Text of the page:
Chess puzzle: who is better and why?

Position after 25. Qg4

How would you judge this position, which arose after the 25th move by white in the game between Ponomariov and Bareev (FIDE Wch k.o. Moscow 2001). Question: who is better and can black take the pawn on e5?

According to Stockfish black is slightly better. That is mainly due to the fact that the pawn on e5 is weak. Basically, white can’t defend this pawn. Black didn’t hesitate and played:

25. … Bxe5?

This is a mistake. Do you see why?

The point is that black shouldn’t be in a hurry to capture the pawn. This pawn isn’t going anywhere. He can first improve is bishop with: 25. … Bc8. What did black miss?

Whati s the best move for white?

I have to confess that very likely I also wouldn’t have seen what is coming now. White played:

26. Qxe6+! There is no other way than: 26. … Qxe6 27. Rxe5. The tide has turned! White is down on material, but has quite some compensation:

  • bishop pair
  • active pieces that coordinate well
  • the black king is weak
  • the bishop on b7 is doing nothing

Stockfish judges this position as 0.00. But I guess it is easier to play for white. There might be another factor at work: it was a knock out match. I presume black needed to win. That becomes clear when we follow what happens next.

27. … Qg4 28. Re7 Rf7 29. Re8+ Rf8 30. Re7 Rb8?

Black’s last move is a mistake. But I think Bareev didn’t have much choice in order to play on for a win. Now white can bring his last piece into the game:

31. Rf1 Bc6?

Why is 31. … Bc6 a mistake?

Playing 31. … Bc6 at first sight makes sense. The bishop is covering e8. But was it necessary? And is it doing anything else? Moreover, on c6 the bishop is unprotected. But Bc8 looks a bit counter intu├»tive. At c8 the bishop interferes the rook on b8 in protecting the last row. Point is that the black rook can perform some other duties on the b-file. See the analysis…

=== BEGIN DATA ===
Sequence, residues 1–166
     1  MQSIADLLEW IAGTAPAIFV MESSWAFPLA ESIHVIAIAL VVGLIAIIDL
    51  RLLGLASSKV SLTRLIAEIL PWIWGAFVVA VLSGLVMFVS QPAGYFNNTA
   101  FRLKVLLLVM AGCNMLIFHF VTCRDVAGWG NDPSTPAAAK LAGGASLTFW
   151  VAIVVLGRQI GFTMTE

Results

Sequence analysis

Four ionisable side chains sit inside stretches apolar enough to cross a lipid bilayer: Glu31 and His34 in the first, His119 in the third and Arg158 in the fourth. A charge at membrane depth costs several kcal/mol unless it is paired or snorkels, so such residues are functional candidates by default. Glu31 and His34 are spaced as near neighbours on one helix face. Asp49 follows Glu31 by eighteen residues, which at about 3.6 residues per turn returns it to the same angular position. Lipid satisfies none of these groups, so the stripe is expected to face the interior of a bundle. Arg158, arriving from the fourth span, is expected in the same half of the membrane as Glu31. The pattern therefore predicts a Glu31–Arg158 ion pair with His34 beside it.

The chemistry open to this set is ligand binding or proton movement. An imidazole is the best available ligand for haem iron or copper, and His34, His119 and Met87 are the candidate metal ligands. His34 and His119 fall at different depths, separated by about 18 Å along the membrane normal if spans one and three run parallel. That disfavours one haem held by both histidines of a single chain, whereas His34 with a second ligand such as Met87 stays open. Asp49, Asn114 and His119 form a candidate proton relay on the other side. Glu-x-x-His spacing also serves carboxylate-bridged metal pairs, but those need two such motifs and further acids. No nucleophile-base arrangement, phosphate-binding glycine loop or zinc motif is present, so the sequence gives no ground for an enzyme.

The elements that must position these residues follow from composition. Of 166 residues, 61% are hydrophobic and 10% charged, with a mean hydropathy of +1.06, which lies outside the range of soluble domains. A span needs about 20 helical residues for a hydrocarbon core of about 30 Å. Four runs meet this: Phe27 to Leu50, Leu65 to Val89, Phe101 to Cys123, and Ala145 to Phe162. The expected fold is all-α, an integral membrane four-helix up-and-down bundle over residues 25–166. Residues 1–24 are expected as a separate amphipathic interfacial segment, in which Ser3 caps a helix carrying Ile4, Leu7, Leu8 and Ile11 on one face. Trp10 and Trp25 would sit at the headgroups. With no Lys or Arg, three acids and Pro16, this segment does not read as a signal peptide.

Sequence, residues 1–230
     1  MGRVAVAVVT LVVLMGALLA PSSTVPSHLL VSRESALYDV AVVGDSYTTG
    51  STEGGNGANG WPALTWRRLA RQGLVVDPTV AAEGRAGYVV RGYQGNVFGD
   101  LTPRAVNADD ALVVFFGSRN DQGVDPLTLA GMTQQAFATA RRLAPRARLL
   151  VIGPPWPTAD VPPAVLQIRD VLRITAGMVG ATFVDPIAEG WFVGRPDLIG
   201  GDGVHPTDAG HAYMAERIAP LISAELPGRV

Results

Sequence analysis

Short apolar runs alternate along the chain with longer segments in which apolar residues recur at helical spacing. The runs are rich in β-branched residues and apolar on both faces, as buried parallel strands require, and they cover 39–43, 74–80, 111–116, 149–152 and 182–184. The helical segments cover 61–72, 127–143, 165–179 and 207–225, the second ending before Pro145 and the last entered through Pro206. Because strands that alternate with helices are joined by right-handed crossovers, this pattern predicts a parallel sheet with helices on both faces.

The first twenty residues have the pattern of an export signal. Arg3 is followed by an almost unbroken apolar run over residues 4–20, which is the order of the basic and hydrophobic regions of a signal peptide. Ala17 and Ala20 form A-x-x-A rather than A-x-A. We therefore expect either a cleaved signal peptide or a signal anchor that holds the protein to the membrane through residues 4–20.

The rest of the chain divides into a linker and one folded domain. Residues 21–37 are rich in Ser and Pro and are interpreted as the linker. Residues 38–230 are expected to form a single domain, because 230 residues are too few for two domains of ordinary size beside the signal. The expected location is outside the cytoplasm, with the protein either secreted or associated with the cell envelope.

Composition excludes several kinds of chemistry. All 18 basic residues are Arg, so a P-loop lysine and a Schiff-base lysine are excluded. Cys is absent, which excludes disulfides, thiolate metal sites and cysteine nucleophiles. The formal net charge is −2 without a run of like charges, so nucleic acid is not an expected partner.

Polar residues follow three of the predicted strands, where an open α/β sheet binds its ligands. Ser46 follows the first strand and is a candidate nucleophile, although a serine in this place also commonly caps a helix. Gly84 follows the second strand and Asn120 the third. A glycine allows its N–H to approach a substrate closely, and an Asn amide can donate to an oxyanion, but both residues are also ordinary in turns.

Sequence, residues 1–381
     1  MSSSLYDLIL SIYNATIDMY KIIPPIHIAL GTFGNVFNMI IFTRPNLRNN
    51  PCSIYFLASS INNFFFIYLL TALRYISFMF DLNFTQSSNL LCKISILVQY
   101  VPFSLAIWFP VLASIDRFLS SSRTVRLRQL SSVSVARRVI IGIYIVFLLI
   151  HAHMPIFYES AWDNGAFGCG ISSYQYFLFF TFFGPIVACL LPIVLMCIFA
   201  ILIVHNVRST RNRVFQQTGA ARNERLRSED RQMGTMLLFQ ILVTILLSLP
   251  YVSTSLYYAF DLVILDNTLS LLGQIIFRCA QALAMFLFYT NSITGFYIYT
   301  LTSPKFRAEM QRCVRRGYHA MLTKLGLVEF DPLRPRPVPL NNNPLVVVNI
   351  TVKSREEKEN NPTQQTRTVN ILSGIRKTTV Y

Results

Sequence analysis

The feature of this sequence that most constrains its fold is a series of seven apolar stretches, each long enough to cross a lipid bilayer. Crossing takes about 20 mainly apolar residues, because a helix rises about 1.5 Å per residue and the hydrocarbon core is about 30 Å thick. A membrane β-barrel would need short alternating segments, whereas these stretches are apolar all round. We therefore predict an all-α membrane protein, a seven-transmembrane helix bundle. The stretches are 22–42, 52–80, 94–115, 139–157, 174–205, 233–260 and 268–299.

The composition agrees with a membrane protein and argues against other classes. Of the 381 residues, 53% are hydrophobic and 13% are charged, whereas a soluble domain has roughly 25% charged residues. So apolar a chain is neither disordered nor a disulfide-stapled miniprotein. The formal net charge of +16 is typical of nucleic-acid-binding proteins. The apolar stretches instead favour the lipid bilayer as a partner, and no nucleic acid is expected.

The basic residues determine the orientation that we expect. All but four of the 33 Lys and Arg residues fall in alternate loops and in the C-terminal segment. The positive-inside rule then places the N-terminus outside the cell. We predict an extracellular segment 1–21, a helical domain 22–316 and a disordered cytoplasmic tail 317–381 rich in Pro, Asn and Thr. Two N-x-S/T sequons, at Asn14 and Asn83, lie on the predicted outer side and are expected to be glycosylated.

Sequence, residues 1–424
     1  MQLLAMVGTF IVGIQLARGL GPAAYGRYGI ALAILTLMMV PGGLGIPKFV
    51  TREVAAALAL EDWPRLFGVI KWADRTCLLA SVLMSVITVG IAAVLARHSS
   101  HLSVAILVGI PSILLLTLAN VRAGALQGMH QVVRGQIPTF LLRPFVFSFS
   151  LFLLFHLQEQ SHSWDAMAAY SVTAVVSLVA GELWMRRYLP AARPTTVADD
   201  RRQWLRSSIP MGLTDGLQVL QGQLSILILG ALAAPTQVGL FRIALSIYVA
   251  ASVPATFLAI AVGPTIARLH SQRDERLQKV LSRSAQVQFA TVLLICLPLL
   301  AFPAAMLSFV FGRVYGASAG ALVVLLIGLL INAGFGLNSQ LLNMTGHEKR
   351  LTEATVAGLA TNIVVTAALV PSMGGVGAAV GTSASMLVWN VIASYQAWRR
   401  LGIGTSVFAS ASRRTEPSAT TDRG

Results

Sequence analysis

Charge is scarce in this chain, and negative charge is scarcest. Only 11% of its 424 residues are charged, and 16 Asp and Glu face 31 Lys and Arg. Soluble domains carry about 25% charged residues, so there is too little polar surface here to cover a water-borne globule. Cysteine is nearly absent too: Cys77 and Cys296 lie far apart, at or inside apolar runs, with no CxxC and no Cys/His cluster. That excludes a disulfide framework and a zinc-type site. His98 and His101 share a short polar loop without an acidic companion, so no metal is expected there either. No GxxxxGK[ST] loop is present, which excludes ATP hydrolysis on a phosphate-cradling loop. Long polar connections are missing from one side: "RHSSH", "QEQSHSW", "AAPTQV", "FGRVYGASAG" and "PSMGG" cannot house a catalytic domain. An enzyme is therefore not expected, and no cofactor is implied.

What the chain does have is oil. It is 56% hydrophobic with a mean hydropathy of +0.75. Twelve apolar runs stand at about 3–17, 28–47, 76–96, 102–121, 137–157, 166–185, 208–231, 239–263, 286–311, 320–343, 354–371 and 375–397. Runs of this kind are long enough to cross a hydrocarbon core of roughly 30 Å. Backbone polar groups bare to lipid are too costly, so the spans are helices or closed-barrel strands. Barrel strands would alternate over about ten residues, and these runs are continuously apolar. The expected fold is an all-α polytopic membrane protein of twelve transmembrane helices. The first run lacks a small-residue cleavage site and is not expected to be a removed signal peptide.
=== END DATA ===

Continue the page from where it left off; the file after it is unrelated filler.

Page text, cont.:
The game continued: 32. g3 with the nasty threat of Rxf4. Black played 32. … g5. What else? Well there was 32. … fxg3 or 32. … f3. See the analysis.

What is the best move for white?

There were more ways to win this game. Ponomariov chose a neat way to finish the game. Whereas I would have started to search for a mate.

33. Rg7+ The route to mate was: 33. Bxh7+ Kf8 34. Rfe1 with the unstoppable threat of Bg7#.

What is the best move for white?

This is puzzle 196 in ‘The Woordpecker Method’ by Axel Smith and Hans Tikkanen. It is an easy puzzle. But I didn’t manage to solve it. Why? I kept hard headed looking for a mate. But there isn’t one any(more)! Silly me. It has been taught by Jacob Aagaard in his lessons on calculation at

  • Take your time and look.
  • See what the pieces can do.
  • Look for more than one alternative.

It seemed I forgot this wise advice. If I had looked for other ideas than stuff on the seventh rank and try to mate, I would have seen that 34. Rxf4+ immediately ends the game. Sometimes giving good advice is like casting pearls before swine. Let’s look at the bright side: I solved another 50 easy puzzles without many problems.

See the complete game and analysis…

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